1. Great points, Lynn! I actually think, though, that when you’re just starting out, hiring a business and marketing strategist or consultant who has experience in helping startups can be quite beneficial. Though I work primarily with growing businesses, I’ve always had a special place in my heart for startups. I’ve had a great many clients over the years who really needed help in clarifying their target market and their brand. Without my help, they would likely have never gotten off the ground, simply because figuring out their target market and brand wasn’t their forte and they didn’t know how to clarify them OR build systems OR set up their marketing campaigns. Because I was there to answer questions and show them the ropes, they got off the ground instead of floundering.

    Other than those points, though, I really like the article. Nice work!

    • Lynn Serafinn says:

      Excellent point, Susan. How I wish I had found someone like you back when I was a new business owner. When I said it’s bad timing to hire a consultant when you’re starting up, I was really thinking about what many clients have told me of their own experiences when they were starting out. So many of them spent thousands (sometimes tens of thoursands) on a business and/or marketing consultant in the very beginning stages, only to have the consultant give them a “cookie cutter” model that didn’t work for them. Very often, the “brand” of a new business is a bit amorphous, and it takes a very skilled consultant to tease it out of them.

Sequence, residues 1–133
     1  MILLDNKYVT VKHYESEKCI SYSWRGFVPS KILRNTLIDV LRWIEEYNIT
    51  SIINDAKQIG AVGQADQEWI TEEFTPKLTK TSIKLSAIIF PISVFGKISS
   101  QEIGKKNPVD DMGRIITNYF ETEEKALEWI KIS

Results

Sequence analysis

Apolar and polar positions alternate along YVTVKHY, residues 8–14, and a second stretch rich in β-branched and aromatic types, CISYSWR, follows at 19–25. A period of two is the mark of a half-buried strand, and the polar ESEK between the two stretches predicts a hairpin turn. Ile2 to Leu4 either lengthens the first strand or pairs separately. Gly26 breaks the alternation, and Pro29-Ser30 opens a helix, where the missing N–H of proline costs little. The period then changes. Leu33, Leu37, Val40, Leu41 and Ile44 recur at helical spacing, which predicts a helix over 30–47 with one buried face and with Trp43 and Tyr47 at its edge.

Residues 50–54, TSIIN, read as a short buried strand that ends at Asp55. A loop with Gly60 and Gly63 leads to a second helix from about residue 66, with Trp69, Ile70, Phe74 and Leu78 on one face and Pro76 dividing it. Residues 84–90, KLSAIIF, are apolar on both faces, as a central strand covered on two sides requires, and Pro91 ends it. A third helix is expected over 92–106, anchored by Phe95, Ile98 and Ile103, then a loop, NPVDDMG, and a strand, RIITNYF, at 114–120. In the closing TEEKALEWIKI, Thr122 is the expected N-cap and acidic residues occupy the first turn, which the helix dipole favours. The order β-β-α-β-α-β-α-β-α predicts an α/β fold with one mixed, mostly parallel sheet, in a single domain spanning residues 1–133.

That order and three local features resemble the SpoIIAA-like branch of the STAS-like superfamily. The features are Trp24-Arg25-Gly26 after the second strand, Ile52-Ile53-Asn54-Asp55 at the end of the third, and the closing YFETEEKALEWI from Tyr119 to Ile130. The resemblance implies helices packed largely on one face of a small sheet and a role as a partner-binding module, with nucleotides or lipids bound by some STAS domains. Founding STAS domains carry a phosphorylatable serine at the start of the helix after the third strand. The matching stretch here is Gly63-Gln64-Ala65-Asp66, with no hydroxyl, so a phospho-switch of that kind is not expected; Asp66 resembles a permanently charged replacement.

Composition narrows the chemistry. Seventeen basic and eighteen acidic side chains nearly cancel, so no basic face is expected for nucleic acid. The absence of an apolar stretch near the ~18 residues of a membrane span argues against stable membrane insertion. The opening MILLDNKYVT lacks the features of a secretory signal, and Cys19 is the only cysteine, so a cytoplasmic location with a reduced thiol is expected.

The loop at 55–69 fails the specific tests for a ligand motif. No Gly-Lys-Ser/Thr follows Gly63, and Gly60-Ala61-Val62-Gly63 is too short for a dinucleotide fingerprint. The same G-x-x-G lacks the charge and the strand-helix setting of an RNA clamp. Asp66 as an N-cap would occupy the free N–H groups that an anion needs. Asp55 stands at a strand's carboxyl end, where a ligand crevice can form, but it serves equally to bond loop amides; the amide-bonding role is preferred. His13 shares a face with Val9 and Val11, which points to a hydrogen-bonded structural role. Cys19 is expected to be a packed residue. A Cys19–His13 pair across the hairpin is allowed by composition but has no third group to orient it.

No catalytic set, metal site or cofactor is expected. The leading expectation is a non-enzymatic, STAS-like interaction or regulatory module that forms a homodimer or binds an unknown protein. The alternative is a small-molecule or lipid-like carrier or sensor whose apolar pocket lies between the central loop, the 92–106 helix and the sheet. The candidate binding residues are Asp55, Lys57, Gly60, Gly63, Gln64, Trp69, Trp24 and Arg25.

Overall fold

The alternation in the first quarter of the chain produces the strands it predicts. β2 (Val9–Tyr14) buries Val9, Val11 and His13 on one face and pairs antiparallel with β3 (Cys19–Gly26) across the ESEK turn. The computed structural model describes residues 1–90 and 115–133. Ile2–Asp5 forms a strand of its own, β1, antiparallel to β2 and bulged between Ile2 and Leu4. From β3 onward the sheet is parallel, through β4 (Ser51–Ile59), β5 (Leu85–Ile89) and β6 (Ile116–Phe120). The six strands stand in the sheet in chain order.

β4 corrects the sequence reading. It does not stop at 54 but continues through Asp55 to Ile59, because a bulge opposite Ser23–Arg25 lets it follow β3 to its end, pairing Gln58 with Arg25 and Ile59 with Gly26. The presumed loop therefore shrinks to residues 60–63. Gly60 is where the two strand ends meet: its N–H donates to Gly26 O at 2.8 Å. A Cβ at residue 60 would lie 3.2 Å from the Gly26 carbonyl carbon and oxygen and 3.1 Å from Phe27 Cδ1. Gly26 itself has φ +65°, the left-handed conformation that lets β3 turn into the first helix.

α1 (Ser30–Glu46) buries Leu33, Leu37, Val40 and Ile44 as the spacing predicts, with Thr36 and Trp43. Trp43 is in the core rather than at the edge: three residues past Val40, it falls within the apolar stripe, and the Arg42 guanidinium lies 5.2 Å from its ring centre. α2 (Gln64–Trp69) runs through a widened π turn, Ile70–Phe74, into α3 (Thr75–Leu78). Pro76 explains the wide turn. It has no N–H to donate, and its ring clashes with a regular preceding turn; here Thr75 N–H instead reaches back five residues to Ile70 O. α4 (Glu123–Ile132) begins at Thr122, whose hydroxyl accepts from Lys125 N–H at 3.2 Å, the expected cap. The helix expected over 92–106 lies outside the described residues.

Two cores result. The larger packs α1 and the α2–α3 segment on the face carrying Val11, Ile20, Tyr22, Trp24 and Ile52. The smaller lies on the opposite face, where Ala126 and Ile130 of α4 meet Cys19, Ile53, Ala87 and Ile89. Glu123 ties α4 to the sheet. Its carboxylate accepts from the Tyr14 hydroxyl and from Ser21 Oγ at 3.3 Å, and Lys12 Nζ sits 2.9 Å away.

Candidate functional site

It sounds like you’re one of those rare breed of skilled ones! (I’d like to think I am too 😉 ).

  2. Oh, Lynn, we must be kindred spirits!!! I have a feeling that you and I would have a lot to talk about.

    You’re definitely preaching to the choir with those darned “cookie cutter” gurus. HATE THAT!!! My biggest heartbreak is often that sometimes entrepreneurs come to me after one of those “gurus” has sucked their pocketbook dry and spit them back out without a dime or a profitable business to their name. While it’s certainly the client’s responsibility to take action when they’re not getting results, too often they keep buying into the promises and the hype and just never get what they pay for. By the time these entrepreneurs get to me, there’s not much I can do for them, if they can’t afford to hire me at that point. Breaks my heart every single time.